The man threw the woman down and kicked her in the ribs, knocking the wind out of her.
Then he reached down and started choking her.
Pinned on the ground, struggling to breathe, the woman managed to grab a rock and hit her assailant on the head.
He immediately called the RCMP because his head was bleeding.
The woman, still gasping for air, got up.
She had no visible wounds.
By the time she could breathe again, she was angry.
She’d been trying to manage the oppression and assault for years, and couldn’t stand it anymore.
The police responded and found the woman was aggressive – because she was furious.
The RCMP saw the man holding his head – he’d calmed down, and got things together.
The police didn’t know the woman had been beaten many times.
And they didn’t look closely at her neck, where little purple marks were forming – subtle reminders of the choking.
The woman was charged with assault.
The man was sent to victim services.
“We’ve seen more and more of these cases in the past eight months,” said Kaushee’s Place executive director Barbara McInerney, whose organization houses battered, abused women and their children.
“Women who have been abused several times in the past are suddenly being charged for assault.”
It’s been especially bad this summer, she said.
“And I’ve talked to other government departments – they’re seeing it too.”
Sometimes RCMP will arrive on the scene and both parties will have wounds and both will say they’ve been victimized, said McInerney.
“And it’s really important to offer a lot of training to the RCMP and the Crown so they’re able to define who the primary aggressor is.”
Alberta’s Justice Department has created a Domestic Violence Handbook, for police and Crown prosecutors in the province.
The handbook “outlines the complexities and important issues for police … in domestic violence cases,” says its introduction.
“And police should engage in joint training and education programs that seek to improve the level of understanding of what is needed to successfully prosecute a domestic violence case.”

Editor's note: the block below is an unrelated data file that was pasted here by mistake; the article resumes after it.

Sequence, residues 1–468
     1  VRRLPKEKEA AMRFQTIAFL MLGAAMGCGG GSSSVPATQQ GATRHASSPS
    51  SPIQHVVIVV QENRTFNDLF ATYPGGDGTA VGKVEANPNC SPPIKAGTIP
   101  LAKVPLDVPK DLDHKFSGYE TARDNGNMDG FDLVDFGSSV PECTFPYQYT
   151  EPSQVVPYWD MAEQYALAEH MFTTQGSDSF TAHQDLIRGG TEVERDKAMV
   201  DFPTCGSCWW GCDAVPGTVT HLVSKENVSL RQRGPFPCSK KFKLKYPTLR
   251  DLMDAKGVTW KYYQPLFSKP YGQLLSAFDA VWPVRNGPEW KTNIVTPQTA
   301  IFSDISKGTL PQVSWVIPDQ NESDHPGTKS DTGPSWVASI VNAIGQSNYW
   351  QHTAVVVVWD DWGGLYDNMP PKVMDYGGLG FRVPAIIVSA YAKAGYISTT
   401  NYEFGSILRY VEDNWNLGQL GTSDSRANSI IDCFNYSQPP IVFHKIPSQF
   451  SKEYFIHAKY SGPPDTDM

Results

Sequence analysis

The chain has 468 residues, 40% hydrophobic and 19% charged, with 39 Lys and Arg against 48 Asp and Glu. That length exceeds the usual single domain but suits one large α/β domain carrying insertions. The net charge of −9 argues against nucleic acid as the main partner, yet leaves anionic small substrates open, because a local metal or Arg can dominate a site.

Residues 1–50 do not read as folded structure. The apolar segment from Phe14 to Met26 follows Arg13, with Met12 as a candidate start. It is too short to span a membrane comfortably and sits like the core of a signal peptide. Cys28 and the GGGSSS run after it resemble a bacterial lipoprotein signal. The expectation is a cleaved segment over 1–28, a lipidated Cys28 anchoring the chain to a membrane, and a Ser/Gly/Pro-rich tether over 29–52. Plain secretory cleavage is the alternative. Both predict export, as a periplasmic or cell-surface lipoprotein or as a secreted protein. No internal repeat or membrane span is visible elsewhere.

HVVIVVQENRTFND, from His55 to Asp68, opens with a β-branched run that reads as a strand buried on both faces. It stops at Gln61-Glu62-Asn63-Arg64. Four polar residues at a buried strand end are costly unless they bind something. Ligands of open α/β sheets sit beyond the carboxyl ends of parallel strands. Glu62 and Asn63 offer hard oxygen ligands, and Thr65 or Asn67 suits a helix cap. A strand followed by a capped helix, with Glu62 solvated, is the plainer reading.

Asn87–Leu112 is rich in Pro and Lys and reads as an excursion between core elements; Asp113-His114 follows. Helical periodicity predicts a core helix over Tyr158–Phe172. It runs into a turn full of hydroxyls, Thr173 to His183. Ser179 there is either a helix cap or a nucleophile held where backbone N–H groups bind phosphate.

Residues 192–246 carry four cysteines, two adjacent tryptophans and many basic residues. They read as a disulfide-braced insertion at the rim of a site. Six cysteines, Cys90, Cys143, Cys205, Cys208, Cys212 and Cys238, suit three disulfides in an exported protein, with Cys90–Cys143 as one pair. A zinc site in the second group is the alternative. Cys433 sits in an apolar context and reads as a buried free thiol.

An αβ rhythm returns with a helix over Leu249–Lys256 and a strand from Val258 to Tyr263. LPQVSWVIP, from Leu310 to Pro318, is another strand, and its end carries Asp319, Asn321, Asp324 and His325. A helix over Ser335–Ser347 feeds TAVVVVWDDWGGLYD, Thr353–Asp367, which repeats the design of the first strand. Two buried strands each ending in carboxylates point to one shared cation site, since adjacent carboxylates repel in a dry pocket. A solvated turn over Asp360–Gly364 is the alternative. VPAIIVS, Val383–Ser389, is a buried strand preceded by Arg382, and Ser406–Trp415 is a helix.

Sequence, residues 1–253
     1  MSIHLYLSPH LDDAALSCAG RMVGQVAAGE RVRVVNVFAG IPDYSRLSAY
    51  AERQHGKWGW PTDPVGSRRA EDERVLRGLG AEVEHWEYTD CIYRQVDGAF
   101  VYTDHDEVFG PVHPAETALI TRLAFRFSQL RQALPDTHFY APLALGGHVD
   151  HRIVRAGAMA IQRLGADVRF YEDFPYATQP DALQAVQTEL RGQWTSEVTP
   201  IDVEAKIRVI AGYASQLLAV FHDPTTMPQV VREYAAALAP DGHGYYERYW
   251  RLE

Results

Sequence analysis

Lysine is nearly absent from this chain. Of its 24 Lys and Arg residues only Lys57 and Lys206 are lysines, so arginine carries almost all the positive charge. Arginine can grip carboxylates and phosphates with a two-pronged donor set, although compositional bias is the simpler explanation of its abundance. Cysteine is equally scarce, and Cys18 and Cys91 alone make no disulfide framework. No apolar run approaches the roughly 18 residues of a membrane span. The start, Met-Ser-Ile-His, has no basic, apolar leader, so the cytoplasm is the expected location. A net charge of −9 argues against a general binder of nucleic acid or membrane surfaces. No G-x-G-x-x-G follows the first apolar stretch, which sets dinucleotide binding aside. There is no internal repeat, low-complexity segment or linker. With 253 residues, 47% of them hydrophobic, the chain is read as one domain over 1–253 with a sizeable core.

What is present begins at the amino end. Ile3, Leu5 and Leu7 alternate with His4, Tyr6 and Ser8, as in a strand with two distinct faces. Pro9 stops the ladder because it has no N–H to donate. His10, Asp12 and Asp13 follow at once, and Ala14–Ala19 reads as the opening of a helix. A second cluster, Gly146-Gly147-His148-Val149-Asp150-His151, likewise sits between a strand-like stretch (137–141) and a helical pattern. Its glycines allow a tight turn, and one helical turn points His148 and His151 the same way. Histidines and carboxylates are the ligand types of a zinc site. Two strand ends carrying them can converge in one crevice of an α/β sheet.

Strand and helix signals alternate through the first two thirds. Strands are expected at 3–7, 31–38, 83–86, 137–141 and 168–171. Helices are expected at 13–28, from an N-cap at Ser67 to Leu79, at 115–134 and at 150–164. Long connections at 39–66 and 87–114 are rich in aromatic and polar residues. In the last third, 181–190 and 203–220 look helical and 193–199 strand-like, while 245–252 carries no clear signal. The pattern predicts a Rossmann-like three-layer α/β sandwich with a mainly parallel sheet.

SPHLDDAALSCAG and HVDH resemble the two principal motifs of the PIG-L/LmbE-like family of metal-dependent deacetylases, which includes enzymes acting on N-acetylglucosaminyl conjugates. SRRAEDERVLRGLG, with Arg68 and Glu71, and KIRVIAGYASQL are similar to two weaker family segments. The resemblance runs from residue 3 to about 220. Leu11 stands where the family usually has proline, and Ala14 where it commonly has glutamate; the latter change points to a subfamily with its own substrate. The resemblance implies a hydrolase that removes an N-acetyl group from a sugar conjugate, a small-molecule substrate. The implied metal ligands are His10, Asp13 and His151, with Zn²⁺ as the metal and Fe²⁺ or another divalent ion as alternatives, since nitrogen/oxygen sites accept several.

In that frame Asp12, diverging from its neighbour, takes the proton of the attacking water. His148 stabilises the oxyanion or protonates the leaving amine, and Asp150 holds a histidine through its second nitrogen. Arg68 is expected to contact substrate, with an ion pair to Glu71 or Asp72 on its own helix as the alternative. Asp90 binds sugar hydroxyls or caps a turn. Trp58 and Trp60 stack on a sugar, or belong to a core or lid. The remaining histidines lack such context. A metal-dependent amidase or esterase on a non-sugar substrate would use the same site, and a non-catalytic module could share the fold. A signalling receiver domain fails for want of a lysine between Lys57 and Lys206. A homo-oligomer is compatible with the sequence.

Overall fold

But that does not seem to be happening in the Yukon, said McInerney.
Police, responding to reports of domestic violence, should look at “who has the defence wounds, who has calculated wounds, whether there have ever been other reports of domestic violence, and who has most of the power in the situation, financially, emotionally, and maybe property-wise,” she said.
“You have to be able to look closely and have to be able to assess that.
“But that training is lacking here.”
At first, police spokesman Don Rogers was not sure if Yukon RCMP had any domestic violence training.
“I got my training in Alberta,” he said on Friday.
Rogers remembers the three-day workshop well.
There was a woman brought in to talk with police about the death of her child. Her husband had killed the infant after he was given custody.
“There wasn’t a dry eye in the place,” said Rogers.
He was also familiar with cases where the woman, after being kicked and choked, is irate, while the man, bleeding from the head, is calmly claiming he was abused.
“I’ve been to exactly that scenario,” said Rogers.
“What you see isn’t always reality.
“You have to look for the primary aggressor.”
Rogers’ Alberta training is valuable.
“In the Yukon it seems like we’re not as well trained, maybe because we have a lot of new recruits,” said McInerney.